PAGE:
For as long as anyone can remember, low-cost carrier Ryanair has stood firm on its anti social media stance, with controversial CEO Michael O’Leary vocal in his disdain for all things social.
But just a few days ago everything changed, with the introduction of a whole digital strategy for Ryanair, beginning with its first ever Tweet. “#Ryanair has joined Twitter! Follow our official account for the latest Ryanair news and special offers. PS There’s no charge for following us.”
Concluding the first tweet with that witty touch, poking fun at itself hints at Ryanair’s Twitter persona to come. A tongue-in-cheek approach will potentially form part of the digital strategy as the airline is famed for its blatantly unpopular decisions (such as planning to charge £1 for use of toilets on board, to selling lottery tickets in duty free).
The second tweet also continued the cheeky tone, commenting “#Ryanair carries over 80m passengers a year so we can’t write back on Twitter. Contact us here (link to website)” The Twitter account’s appearance continues the traditionally trashy Ryanair style, with a background image showing women in posing in bikinis while a Ryanair plane flies overhead.
No more lunatics
An article on Tnooz points out this is a huge turnaround for Ryanair, as the airline has always shunned social media engagement, with O’Leary once referring to bloggers as ‘lunatics’. The carrier will also remove the reCaptcha feature on its website for individual passengers from November although a statement says it will remain in place for ‘high volume bookers, screen-scrapers, travel agents etc.’.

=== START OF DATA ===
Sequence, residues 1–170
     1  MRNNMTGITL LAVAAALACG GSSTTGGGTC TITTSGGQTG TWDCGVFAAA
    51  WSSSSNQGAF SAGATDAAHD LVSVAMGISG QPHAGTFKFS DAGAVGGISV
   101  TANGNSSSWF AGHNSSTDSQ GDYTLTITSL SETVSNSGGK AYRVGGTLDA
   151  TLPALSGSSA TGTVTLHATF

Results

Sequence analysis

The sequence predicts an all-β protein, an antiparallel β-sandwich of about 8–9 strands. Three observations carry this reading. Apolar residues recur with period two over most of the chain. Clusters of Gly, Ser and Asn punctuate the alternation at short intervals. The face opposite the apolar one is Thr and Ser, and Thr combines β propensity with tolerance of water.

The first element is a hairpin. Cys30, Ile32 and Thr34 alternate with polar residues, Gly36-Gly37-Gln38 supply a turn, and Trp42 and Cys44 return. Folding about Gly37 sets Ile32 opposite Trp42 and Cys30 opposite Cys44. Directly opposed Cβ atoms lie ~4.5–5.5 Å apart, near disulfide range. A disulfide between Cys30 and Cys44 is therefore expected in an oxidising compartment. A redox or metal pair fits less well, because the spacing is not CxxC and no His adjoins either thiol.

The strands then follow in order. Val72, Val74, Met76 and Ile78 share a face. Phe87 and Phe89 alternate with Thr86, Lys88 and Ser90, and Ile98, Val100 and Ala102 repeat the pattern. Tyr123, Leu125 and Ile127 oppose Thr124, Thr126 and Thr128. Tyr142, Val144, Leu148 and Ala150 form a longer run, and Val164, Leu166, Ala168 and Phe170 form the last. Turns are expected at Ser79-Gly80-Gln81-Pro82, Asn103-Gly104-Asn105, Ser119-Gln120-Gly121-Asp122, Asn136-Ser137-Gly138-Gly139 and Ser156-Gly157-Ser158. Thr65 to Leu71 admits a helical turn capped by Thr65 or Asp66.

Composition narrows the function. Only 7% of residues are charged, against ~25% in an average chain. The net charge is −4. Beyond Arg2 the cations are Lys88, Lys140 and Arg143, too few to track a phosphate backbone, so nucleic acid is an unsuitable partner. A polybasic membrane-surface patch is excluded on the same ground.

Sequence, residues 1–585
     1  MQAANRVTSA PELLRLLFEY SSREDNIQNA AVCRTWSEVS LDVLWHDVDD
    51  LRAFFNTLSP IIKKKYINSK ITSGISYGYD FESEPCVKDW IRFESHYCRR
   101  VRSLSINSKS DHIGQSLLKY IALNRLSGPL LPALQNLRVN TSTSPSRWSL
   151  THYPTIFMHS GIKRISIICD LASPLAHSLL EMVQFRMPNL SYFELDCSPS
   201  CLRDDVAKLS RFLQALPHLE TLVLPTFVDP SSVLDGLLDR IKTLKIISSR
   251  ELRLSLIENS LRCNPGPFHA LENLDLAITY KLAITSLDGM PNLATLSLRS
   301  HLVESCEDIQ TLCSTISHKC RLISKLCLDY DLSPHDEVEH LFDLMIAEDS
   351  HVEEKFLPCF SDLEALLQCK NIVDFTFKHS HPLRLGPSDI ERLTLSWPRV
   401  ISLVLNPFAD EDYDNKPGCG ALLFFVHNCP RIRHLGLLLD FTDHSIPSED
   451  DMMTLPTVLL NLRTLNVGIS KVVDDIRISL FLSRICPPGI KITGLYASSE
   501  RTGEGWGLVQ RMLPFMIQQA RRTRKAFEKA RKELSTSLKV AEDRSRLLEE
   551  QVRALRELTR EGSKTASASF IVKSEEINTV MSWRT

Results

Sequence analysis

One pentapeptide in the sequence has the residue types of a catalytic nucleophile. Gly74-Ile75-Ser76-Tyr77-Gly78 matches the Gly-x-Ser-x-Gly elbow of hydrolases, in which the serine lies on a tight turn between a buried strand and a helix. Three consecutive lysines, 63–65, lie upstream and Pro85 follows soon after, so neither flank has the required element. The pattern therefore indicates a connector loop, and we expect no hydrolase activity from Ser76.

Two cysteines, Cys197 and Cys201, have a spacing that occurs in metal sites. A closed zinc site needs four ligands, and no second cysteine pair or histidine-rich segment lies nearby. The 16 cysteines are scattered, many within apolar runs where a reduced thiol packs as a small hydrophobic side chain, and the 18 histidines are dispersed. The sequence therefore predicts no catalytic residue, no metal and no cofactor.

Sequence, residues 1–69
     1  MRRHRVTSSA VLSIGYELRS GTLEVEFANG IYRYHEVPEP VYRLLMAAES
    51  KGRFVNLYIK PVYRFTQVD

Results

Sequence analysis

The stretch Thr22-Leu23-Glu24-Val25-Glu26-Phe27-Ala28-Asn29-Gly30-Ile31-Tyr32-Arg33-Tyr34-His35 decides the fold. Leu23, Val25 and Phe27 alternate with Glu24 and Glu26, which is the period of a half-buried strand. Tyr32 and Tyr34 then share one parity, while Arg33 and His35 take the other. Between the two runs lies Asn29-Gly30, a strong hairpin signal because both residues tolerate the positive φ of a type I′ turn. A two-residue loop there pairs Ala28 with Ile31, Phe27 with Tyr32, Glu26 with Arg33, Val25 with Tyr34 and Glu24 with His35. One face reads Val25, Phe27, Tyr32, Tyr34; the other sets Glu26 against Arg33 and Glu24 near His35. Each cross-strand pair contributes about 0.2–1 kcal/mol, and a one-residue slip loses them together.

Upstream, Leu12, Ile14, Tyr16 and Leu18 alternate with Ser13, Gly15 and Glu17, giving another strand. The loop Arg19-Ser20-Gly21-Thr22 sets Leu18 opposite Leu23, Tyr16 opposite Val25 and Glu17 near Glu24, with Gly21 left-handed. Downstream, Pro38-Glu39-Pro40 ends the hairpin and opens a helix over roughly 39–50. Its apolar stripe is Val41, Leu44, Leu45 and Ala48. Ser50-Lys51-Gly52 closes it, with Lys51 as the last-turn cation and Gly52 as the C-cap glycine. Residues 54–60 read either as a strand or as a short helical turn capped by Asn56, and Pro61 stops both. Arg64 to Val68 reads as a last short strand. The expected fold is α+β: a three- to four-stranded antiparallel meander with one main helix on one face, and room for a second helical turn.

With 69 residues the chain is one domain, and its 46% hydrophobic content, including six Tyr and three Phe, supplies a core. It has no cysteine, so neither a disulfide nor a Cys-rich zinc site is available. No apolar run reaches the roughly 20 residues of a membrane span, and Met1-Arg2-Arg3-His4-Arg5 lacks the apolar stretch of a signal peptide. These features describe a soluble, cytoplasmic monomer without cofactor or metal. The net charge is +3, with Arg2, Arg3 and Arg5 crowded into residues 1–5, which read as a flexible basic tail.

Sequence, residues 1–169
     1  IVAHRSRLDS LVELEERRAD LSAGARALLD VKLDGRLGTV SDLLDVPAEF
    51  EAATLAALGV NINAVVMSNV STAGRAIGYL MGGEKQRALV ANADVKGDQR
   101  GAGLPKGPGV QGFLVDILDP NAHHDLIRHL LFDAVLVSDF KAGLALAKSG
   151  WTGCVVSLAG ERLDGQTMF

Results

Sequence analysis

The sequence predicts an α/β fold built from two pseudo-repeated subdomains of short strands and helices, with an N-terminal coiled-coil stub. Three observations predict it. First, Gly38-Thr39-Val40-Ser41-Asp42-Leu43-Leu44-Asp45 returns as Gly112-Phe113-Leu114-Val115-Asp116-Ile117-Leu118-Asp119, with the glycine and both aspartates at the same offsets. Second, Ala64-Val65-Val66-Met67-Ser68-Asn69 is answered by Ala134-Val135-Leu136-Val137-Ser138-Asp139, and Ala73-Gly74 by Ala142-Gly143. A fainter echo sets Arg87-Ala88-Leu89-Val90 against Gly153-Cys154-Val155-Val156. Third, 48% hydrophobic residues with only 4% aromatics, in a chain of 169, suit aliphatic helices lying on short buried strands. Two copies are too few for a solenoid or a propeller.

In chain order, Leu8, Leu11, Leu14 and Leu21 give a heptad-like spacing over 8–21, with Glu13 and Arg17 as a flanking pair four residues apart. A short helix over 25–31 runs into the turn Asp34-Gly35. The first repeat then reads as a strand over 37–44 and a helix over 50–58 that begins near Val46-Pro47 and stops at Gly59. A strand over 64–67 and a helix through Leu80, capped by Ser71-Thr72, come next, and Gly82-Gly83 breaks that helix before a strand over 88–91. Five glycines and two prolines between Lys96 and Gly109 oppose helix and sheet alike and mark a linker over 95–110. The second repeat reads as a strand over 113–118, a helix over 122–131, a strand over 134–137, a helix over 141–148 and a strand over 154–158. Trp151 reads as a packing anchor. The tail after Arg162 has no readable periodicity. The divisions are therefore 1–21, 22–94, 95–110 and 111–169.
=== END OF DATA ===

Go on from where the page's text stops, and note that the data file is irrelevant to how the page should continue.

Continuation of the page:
More changes are afoot as Ryanair takes the plunge into the world of tech and social. From the beginning of October Ryanair is making its mobile app free of charge when it was previously €3 for downloads for the app, available since March this year.
Ryanair also plans to redesign its booking flow with a launch date in December and introduce a passenger registration/retention service next summer reducing the time it takes to complete bookings. Speaking earlier this week at the World Low Cost Airlines Congress, O’Leary said his company’s website compares unfavourably to that of main rival easyJet‘s.
According to some reports he also hinted the carrier was prepared to sell via travel agents although today’s announcement makes no mention of travel agents other than retaining the reCaptcha security feature. As the airline announced only this month that profit may fall short of predictions, this could explain its more conciliatory overtones, which may go some way to increasing business.
New focus on digital
In his official statement, O’Leary said: “Our primary focus this winter will be to significantly invest in, and improve, the Ryanair.com website, our mobile platform and our interaction with passengers using social media. “This winter will also see a rolling programme of development to improve the Ryanair.com website, make it easier for passengers to navigate, quicker for them to locate our all-inclusive price quotes, identify availability of our lower fare promotions and book Ryanair’s great fares for themselves and their families.
These improvements will be accompanied by a new digital marketing strategy which will see Ryanair switch a significant proportion of its marketing budget from old to new media, with a particular focus on mobile and social media platforms.”
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